• Informal: socialization, public opinion, corporate lineages, supernatural beliefs/ancestor worship, age organizations, witchcraft beliefs/accusations, etc.
  • Formal: song duels, intermediaries, elder councils, oaths and ordeals, courts and codified laws, etc.
  • (want to hear more about one of these topics? send me an ask requesting an article!)

How does this help a writer?
These are just basics and generalities to get you started with figuring out what kind of political leadership your civilization may naturally gravitate toward. What they actually use isn’t actually as important as the means of social control. What is it that keeps people from doing certain things? The most popularly-used methods of social control are laws and codes. I don’t believe those are the most interesting, though! Some tribal societies have complex sets of taboos that keep people from killing each other or poisoning animals or whatever actions are considered “inhumane” or “unacceptable.” Think hard about whether your civilization would benefit from some other methods of social control that the, frankly, overused codes and laws.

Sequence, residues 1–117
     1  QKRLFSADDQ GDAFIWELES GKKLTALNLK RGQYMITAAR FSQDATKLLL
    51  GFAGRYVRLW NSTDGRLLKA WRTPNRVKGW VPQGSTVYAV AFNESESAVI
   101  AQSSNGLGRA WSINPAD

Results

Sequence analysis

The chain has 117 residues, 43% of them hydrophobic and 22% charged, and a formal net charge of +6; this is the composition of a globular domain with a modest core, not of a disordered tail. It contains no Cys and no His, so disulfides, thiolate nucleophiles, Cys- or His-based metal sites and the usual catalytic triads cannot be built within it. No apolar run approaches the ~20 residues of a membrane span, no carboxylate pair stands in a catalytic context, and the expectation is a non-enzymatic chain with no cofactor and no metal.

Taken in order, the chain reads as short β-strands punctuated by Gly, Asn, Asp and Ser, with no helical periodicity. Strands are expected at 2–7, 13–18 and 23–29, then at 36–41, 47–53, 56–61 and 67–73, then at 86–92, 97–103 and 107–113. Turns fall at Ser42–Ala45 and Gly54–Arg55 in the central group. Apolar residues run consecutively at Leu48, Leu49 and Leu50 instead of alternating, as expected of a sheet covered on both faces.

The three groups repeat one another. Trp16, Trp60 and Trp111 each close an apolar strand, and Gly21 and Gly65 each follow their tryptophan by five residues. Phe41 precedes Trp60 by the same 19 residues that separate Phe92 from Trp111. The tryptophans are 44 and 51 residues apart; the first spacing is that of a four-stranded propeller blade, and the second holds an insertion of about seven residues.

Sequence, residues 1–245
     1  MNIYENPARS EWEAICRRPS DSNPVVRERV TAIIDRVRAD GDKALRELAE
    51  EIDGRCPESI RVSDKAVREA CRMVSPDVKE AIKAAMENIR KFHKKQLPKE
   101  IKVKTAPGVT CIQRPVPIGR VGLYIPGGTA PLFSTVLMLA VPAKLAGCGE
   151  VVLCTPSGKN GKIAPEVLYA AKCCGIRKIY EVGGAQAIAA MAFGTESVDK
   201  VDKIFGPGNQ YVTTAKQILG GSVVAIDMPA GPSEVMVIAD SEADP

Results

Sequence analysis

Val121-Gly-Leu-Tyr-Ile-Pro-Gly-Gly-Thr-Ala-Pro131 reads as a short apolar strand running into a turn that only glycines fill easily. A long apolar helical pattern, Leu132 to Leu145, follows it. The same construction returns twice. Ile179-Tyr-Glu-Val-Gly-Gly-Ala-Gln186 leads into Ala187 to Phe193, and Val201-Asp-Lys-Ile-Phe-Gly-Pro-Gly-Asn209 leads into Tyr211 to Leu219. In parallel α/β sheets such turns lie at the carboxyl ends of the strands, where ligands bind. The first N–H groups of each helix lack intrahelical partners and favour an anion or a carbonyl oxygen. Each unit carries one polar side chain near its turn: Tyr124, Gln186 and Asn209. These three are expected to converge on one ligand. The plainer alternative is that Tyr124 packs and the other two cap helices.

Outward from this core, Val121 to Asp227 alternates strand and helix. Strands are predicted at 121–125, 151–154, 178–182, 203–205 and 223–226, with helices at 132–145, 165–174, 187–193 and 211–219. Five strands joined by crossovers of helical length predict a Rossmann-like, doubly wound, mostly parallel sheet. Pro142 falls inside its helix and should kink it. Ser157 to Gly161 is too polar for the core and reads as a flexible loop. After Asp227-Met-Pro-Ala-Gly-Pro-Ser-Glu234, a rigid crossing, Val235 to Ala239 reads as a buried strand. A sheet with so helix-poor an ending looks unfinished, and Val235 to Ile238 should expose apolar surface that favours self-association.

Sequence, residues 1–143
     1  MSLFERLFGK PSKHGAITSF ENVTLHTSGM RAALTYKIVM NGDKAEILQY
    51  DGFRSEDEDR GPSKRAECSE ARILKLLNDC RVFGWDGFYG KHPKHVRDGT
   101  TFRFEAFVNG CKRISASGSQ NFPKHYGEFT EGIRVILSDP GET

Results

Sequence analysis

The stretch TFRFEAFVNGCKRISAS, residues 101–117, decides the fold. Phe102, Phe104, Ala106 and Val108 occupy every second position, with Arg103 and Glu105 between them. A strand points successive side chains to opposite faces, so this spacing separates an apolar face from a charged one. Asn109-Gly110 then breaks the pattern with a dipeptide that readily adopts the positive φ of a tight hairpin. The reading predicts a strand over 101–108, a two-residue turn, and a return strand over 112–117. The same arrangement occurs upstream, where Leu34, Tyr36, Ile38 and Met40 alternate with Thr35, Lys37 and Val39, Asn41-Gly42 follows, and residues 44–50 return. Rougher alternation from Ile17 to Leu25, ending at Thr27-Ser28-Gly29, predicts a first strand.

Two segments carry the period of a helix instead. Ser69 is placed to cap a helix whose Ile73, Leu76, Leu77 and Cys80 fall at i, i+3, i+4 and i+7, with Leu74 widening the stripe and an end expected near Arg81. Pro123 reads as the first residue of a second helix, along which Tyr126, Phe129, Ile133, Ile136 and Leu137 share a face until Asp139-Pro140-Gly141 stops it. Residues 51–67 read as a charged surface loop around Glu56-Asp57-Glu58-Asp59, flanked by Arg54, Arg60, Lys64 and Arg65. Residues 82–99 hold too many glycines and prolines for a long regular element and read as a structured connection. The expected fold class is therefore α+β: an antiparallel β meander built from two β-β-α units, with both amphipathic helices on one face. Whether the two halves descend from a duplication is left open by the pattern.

Anonymous asked: When writing an Assassin, is there anything you would recommend us not doing? Like should we avoid having a stereotypical assassin who hates the world but when another character comes into their lives, their view on the world changes? Trope wise, is there any that you would like to see more of? Thank you :)

howtofightwrite:

Ah, assassins.

The Ninja: I don’t mean actual historical ninjas. This is the cultural perception of guys in black masks who leap between buildings like Spider-Man. The Assassin’s Creed assassins a.k.a the guys who can’t kill their way out of a paper bag. The supposedly human character whose training gives them a hefty dose of superpowers with a side of Orientalism and fetishizing of “insert Eastern culture here”. Believe it or not guys, people do look up.